Co-investments lead Alaska Permanent Fund Corporation direct to returns


Resource constraints haven’t stopped one of the first sovereign wealth funds from cashing in on direct investments and co-investments, proving the strategies are not just a bolt-on for fund investments.

AltAssets spoke to Alaska Permanent Fund Corporation chief investment officer Marcus Frampton, to better understand how the fund went from barely touching private equity to it becoming a core part of the investment strategy.

Frampton said on average, the team is spending around half of its time on co-investments or direct investments, despite only allocating 20 to 25 per cent of its capital towards of those type of investments.

“It’s central and it’s a big driver of our returns,” he added.

Since inception, APFC’s fund investments have generated an IRR of 13.3 per cent with and multiple of 1.5, while its direct- and co-investments saw returns of 60 per cent and a multiple of 2.6.

Back in 2012 the fund’s allocation to private equity stood at just 3 per cent, as it invested through gatekeepers which had the discretion to pick funds.

It was at this time, the former chief investment officer, Jay Willoughby, expressed his vision for the fund to engage in direct investing.

So before the organisation even began investing in funds directly, Willoughby lead two very large direct private equity deals to begin a strategy that the APFC remains committed to today.

One deal saw the APFC invest $700m in Californian REIT, American Homes 4 Rent, alongside Public Storage founder B Wayne Hughes.

Around that same time, the fund also invested $125m in Seattle-based biopharmaceutical company, Juno Therapeutics, a deal also led by Willoughby.

When Willoughby started the direct programme, he wasn’t too concerned with fund investments just yet, as the direct deals were proving more interesting. Yet, like other institutional investors, fund commitments would also become a key feature of APFC’s strategy.

“We said okay, if we’re doing biotech Series A, we should probably be picking our own funds,” Frampton said.

“Private equity has been a real effort here in the last seven years, and that was the impetus, back with Jay who was a few CIOs ago doing those big deals.

“It turned out great and when your first couple deals are big and they’re both really successful it makes it a lot easier to do subsequent stuff, because the board has some comfort and really, the risk is that everyone thinks it’s easier than it really is.”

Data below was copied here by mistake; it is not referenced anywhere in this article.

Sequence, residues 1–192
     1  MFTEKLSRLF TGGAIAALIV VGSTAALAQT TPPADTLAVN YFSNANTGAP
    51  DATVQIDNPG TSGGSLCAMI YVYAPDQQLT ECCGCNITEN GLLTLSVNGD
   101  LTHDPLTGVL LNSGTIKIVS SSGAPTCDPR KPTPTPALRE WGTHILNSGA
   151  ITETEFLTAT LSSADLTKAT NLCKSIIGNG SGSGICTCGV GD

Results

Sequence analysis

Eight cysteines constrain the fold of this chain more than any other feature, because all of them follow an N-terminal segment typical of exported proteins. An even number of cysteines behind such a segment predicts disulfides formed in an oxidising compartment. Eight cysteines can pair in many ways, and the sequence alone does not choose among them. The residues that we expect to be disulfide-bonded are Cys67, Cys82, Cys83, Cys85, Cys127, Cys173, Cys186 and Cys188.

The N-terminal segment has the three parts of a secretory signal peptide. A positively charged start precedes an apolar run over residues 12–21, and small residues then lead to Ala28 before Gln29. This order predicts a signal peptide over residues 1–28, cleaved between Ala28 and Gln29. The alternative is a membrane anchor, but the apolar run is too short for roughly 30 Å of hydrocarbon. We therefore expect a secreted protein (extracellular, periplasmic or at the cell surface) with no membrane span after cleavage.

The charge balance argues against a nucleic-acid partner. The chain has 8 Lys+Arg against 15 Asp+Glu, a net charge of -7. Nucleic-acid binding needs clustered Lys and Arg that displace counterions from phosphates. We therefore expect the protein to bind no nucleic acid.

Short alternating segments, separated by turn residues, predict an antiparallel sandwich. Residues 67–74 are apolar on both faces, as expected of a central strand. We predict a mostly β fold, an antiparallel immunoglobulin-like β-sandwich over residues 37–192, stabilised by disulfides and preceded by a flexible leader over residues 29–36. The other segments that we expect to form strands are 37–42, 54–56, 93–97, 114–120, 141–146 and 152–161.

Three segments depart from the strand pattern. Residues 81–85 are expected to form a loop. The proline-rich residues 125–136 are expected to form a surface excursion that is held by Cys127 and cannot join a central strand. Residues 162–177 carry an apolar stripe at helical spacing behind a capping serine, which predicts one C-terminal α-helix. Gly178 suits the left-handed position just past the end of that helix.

Since then, the APFC has continued to grow its direct and co-investment activity, Frampton explained.

“At the same time he was doing those direct deals, he was encouraging me to do direct in infrastructure, but my approach was co-investing with the mangers [whose funds] we were [invested] in, which was a little more comfortable.”

More recently the fund’s head of private equity Steve Moseley led an investment round for Boston-based agritech Indigo Agriculture and last year, APFC was also a lead investor in a preferred stock round for infrastructure firm Generate Capital.

Although the fund’s direct investment and co-investment activity have offered superior returns when compared with its fund commitments, it typically requires a lot more resources and manpower.

“We are still very understaffed in my opinion, so our whole investment team is 25 people,” Frampton said. “If you look at our alternatives team and they cover hedge funds, private equity venture, infrastructure, private credit, that team is about six people today.”

“So what we’ve done is hired people that have M&A experience or direct private equity experience and we’re pretty selective on who we hire.

“As a result most of the alternatives team have been around deals and have gone through an investment bank analyst programme. Although APFC has recently started hiring associates out of MBA programs with the goal to develop talent internally.”

“I would take one person who was an investment banking analyst at JP Morgan for three years over four people who had been fund investors their whole lives.”

The fund currently invests across a range of strategies and sectors, but its currently placing a big emphasis on private credit co-investments.

Frampton said that the space isn’t too populated at the moment and that make its attractive for investment.  The strategy also relates to where the global economy may be in the cycle, he added.

“Those deals move really fast so at any given time we’ve got a couple situations we are looking at.”

Within private equity, the fund is avoiding the mega buyouts to focus more on the mid-market with smaller managers, whether it be in Europe or the US.

Infrastructure is another area in which the APFC has spent a lot of time co-investing in since 2012. The fund has typically issued much bigger cheques for infra deals than they have in private equity and private debt co-investments, Frampton said.

Looking forward, Frampton is pretty confident about the areas they’re investing in currently.

“I think we’re going to continue to get outperformance from private equity, I’m pretty pessimistic about the public markets too.”

“Based on where cyclically adjusted P/E multiples are today, I wouldn’t be surprised if public stocks return one per cent annually for the next decade.”

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